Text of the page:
Nanowrimo – Warmup Day 6

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I’ve been doing some catching up this morning.  Here’s my Day 6 (minimum 600 words) on a story based on street art.


Sat. 10/20 Day 6 –  600 words story based on a picture of street art found online

walt whitman street art

Barry needed the waiter to drop the check as soon as possible.  Brunch had been disastrous, though it’s very possible no one else in Sweet Sensations knew it.  His wife Elenor sat across from him and perused through her purse without offering any explanation or reason for doing so.  He assumed it was to bide time until he could pay and they could leave and she wouldn’t have to look at him any longer. Their child, a boy neatened up for the Sunday morning meal, fidgeted idly with a plastic toy made to look like a cell phone.  It didn’t beep, but Barry almost wished it would so they could react to some type of sound.

He knew she was lying about the night before and he couldn’t think of what to do.  As a wedding coordinator, she was often gone for twelve- to fourteen hours many Saturdays, especially during the fall months when some brides prefer the backdrop of crunchy, colored leaves and the ability to be hot and outside but not uncomfortable.  Elenor had, over her nine year career, developed business friendships with photographers, bakers, caterers, priests, ministers, disc jockeys, and hotel managers. In the early years, she focused so much on the business that she never allowed herself time to become too social outside of the events themselves.  Five years earlier, when she’d become a little disappointed with the dip in business, Barry encouraged her to re-brand herself and helped her invest in advertising. It worked to a degree and she was rejuvenated with the bookings that bolstered her position in town as a reputable and fairly priced wedding photographer.  

Then they had Dominick and she was torn because she loved the baby endlessly but her business suffered.  The season was dry with business because she turned down some offers without telling him. The desire to sleep next to her first baby on a rainy Saturday morning, waking only to feed him and coo with him and tickle his minuscule feet swept any cash she’d make taking photos under the rug.  For the most part, Barry didn’t mind. He loved having her home too. Being a dad meant a new series of responsibilities and adventures virtually every day. On the days Elenor was gone, he found himself taking their son to the mall, the park, and even an art museum.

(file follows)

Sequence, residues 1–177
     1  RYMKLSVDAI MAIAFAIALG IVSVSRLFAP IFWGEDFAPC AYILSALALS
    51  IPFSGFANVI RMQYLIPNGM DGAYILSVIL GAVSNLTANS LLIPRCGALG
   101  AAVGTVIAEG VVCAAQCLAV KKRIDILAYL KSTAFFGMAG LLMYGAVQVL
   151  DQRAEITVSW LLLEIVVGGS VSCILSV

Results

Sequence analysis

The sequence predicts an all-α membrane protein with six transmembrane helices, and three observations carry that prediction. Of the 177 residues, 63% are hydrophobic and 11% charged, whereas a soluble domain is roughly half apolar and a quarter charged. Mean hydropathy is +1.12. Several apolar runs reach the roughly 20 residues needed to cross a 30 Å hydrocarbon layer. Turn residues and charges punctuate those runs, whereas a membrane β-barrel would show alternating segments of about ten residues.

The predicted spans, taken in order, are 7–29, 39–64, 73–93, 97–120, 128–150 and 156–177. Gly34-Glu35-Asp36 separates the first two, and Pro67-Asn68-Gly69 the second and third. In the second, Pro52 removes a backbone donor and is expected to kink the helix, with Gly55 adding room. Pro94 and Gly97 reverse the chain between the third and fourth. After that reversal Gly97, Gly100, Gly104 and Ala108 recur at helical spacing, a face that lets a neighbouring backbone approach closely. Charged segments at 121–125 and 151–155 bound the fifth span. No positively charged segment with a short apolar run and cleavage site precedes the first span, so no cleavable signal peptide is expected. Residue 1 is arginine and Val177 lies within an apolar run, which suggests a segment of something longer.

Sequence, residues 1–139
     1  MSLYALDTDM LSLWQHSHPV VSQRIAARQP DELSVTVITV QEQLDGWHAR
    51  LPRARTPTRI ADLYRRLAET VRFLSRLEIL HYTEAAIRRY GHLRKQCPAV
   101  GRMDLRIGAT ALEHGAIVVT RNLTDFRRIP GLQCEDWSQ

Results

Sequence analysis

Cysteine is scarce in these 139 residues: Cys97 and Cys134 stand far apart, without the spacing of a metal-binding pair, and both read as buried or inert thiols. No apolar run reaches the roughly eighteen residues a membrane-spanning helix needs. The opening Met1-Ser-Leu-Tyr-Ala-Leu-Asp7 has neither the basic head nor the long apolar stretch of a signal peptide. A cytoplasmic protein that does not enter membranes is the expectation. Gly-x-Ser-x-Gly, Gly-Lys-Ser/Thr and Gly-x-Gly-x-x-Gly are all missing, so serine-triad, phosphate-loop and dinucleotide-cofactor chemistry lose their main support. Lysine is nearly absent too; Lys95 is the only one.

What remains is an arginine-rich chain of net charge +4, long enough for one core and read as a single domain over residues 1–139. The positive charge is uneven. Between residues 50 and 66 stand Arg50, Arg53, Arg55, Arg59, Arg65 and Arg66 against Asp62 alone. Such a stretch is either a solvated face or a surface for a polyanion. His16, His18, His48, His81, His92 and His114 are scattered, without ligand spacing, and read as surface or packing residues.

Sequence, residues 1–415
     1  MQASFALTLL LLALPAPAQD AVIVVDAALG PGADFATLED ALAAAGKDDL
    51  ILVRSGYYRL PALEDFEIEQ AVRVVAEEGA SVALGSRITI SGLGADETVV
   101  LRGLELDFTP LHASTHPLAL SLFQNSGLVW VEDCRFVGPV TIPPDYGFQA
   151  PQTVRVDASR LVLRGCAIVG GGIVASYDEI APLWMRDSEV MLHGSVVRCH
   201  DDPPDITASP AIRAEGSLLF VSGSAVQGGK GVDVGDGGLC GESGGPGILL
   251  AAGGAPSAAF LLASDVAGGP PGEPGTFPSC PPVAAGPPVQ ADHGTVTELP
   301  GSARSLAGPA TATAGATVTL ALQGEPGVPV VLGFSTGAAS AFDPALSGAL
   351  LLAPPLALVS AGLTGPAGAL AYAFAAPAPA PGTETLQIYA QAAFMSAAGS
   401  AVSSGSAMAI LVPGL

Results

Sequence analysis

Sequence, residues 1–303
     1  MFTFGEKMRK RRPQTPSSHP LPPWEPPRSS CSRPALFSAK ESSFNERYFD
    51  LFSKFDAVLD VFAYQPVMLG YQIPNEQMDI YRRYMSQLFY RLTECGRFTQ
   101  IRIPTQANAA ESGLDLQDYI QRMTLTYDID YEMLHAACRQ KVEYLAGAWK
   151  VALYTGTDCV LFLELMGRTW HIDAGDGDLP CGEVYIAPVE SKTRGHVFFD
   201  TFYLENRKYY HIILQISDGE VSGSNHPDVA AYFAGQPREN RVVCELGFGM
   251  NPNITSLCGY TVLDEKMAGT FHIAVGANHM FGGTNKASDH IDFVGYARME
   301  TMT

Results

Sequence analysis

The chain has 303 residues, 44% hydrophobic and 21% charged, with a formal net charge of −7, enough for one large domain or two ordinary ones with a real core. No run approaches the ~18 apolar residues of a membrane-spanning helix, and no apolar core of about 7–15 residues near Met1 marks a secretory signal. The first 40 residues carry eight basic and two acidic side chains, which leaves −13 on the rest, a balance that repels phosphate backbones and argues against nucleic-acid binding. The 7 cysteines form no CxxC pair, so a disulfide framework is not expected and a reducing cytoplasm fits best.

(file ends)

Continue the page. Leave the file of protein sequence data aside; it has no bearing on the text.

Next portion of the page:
It was at brunch today, however, that art re-entered their lives.  With the check finally paid, Barry, Elenor and the baby exited the restaurant and walked in silence toward nothing in particular.  The damp air was warming rapidly as the sun emerged from behind thick white clouds. Downtown was brightening up and more and more cars were populating the main drags of the sleepy city.  They turned at a corner and he stopped. A large mural of Walt Whitman covered by springtime flowers looked back at the three of them. Suddenly, it didn’t matter that Elenor had lied about the night before.  She didn’t know he’d found a phone number on the floor of their bedroom. For all he knew, she didn’t even know she had it herself. He no longer cared who “Mike” was and chose not to picture the two of them dancing, kissing, or anything else.  Barry had been a supportive husband, but in this moment, staring back at one of his writing idols, he realized that feeling betrayed was useless. Confronting her for having a good time–something he’d stopped doing since their son was born–was completely unfair.  He reached for her hand and she took it. Her grasp indicated that Barry’s suspicions were true, but in this moment it was irrelevant. He hard kissed her and pushed the small of her back into his waist. Their son giggled at a bird or something below them.

 

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